This study examines drug selling among representative samples of high school students in Ontario. It involves three approaches, (i) examining the trend in drug selling between 1983 and 1989, (ii) assessing differences between sellers and non-sellers on demographic characteristics, levels of alcohol and drug use, and problems, and (iii) drawing detailed profiles of drug seller types. Drug selling declined considerably between 1983 and 1989. Sellers were more likely to be males and to use alcohol and drugs more often than non-sellers. Sellers also had more alcohol and drug problems and engaged in more delinquent acts. Drug sellers who sold cannabis only were less frequent users of drugs, less likely to have drug problems, and were also delinquent.
We describe the prevalence of bush party (an outdoor gathering of youth) attendance and examine predictors of attendance and of driving after drinking at bush parties.
The 1995 Ontario Student Drug Use Survey (OSDUS) data on students (n = 1,853) in schools across the province in grades 7, 9, 11 and 13 are employed to estimate prevalence of bush party attendance within the previous 12 months. The 1994 Graduated Licensing Study (GLS), a multi-community survey of drivers (n = 1,157, 53.6% male) in grades 11 and 12 in Ontario, data are employed to study predictors of attendance and of drinking-driving.
Based on the OSDUS, the prevalence of bush party attendance is 37.6%. Based on the GLS, 38.4% attended bush parties, and among attenders 71.5% drank at bush parties, 63.5% observed drinking-driving, 16.1% rode with a drinking-driver and 16.6% drove after drinking at bush parties. Logistic regression reveals that attendance at bush parties is positively associated with number of other places alcohol was consumed, tobacco use, number of alcohol-related problems, number of kilometers ever driven, sensation seeking and northern residents. Among attenders who drank at bush parties, males were three and a half times more likely to drive after drinking at a bush party, and the probability of drinking and driving increased with the number of other drugs used.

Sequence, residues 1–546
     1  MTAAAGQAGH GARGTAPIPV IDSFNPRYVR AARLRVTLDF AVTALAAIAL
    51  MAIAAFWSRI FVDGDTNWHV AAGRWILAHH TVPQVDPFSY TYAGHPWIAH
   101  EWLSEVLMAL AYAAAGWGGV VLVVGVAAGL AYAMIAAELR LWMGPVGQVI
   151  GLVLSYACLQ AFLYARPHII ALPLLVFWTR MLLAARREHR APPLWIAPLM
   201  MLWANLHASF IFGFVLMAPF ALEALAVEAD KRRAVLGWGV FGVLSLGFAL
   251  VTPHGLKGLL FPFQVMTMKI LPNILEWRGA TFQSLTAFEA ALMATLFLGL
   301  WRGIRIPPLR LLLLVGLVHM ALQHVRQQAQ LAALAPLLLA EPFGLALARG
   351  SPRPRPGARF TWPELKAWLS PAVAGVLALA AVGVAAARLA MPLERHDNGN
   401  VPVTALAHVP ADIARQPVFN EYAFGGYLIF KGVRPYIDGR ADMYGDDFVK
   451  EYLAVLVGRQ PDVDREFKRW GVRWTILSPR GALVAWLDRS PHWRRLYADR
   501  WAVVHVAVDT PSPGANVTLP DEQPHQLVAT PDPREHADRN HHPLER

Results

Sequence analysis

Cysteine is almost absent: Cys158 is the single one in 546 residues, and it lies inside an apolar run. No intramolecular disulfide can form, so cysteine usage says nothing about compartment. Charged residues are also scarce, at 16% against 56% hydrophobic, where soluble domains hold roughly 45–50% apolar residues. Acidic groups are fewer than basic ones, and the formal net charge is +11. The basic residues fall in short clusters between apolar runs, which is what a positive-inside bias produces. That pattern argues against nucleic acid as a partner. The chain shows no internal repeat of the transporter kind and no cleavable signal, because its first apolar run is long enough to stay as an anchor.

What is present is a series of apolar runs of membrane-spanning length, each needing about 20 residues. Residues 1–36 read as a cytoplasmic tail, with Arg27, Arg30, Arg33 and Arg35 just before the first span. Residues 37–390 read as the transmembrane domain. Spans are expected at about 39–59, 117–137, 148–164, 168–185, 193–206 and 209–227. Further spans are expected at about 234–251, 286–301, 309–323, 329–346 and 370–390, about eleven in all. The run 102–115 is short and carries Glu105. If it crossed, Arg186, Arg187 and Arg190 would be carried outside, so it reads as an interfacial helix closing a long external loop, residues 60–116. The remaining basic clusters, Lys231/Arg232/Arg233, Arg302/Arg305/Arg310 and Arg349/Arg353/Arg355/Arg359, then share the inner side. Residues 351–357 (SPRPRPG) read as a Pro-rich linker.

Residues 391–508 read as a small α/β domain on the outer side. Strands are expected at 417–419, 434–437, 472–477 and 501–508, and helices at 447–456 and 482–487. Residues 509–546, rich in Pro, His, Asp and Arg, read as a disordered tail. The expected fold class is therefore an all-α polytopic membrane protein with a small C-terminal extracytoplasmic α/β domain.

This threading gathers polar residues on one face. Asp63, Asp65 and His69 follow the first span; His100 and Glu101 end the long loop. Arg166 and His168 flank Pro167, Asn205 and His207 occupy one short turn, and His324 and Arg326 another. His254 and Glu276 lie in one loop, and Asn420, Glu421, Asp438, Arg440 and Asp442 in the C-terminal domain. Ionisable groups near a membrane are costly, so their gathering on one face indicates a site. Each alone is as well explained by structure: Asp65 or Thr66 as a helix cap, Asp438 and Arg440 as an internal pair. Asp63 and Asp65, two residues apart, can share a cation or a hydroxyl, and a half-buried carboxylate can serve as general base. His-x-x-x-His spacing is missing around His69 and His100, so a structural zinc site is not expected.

Despite important differences in the design and purpose of the two surveys, both indicate that bush party attendance is prevalent among adolescents. Driving after drinking at these events is common and warrants community action.
Research on physical activity and fitness indicates their importance in the prevention of disease and promotion of health. However, levels of physical activity have been shown to vary significantly by age, sex and a wide range of additional factors. This paper examines age and sex differences in physical inactivity among 13 to 19 year olds participating in the 1990 Ontario Health Survey. Findings from the bivariate analysis suggest a major increase in physical inactivity between ages 15 and 16. When logistic regression is used to examine the adjusted effects of predictor variables on physical inactivity, the effects of age remain significant. However, the odds of inactivity at one year increments are not significant. There are significant increased odds of inactivity associated with such factors as sex, friends' (activity) participation, perceived future health problems, and perceived health status. The public health implications of the findings suggest that those responsible for developing programs and policies to increase physical activity among teenagers should consider the critical years of decreased activity and the factors that might explain why this decline occurs.